The Fourth Way teaches how to increase and focus attention and energy in various ways, and to minimize day-dreaming and absent-mindedness. This inner development in oneself is the beginning of a possible further process of change, whose aim is to transform man into "what he ought to be."
Gurdjieff's followers believed he was a spiritual master, a human being who is fully awake or enlightened. He was also seen as an esotericist or occultist. He agreed that the teaching was esoteric but claimed that none of it was veiled in secrecy but that many people lack the interest or the capability to understand it. Gurdjieff said, "The teaching whose theory is here being set out is completely self supporting and independent of other lines and it has been completely unknown up to the present time."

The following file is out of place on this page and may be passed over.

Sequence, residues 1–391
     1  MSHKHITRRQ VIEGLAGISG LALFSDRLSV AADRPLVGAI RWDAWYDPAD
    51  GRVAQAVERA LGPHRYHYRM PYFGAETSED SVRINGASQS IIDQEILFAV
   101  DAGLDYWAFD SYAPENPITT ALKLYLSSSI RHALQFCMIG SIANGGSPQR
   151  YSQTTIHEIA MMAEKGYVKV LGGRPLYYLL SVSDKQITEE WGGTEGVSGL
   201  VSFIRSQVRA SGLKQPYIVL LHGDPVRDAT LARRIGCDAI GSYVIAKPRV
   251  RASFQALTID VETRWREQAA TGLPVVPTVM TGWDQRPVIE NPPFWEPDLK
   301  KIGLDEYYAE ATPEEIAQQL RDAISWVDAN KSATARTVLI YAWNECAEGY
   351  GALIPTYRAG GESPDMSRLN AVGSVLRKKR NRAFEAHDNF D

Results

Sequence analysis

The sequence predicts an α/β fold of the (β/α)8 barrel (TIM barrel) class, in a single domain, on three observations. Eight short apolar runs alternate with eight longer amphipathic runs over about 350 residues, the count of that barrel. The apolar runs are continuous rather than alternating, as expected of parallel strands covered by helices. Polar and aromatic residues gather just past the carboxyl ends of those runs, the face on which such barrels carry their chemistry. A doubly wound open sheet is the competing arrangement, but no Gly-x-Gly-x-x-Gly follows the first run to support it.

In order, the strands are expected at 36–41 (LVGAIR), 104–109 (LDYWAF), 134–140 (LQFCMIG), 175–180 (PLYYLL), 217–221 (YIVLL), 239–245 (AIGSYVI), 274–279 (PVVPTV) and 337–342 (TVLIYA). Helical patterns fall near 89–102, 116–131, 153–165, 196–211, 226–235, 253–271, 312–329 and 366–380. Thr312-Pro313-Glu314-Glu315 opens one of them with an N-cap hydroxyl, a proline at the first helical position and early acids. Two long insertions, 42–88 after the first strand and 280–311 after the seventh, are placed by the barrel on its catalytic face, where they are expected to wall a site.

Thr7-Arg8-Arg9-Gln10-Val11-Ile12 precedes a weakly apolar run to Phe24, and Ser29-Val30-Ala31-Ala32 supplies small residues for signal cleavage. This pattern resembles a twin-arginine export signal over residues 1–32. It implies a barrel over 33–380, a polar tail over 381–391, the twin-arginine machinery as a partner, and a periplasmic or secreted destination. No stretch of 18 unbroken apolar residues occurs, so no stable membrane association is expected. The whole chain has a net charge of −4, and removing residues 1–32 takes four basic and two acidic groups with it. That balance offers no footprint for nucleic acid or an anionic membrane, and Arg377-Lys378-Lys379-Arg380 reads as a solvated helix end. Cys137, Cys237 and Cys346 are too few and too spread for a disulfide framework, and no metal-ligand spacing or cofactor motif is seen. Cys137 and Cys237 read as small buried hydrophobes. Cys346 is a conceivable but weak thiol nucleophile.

The Fourth Way teaches that the soul, a human individual is born with, gets trapped and encapsulated by personality and stays dormant, leaving one not really conscious, even as they clearly believe they are. A person must free the soul by following a teaching which can lead to this aim or "go nowhere" upon death of his body. Should a person be able to receive the teaching and find a school, upon the death of the physical body they will "go elsewhere." Humans are born asleep, live in sleep and die in sleep, only imagining that they are awake with few exceptions. The ordinary waking "consciousness" of human beings is not consciousness at all but merely a form of sleep."
Gurdjieff taught "sacred dances" or "movements", now known as Gurdjieff movements, which they performed together as a group. He left a body of music, inspired by that which he had heard in remote monasteries and other places, which was written for piano in collaboration with one of his pupils, Thomas de Hartmann.
Gurdjieff taught that traditional paths to spiritual enlightenment followed one of three ways:
- The Way of the Fakir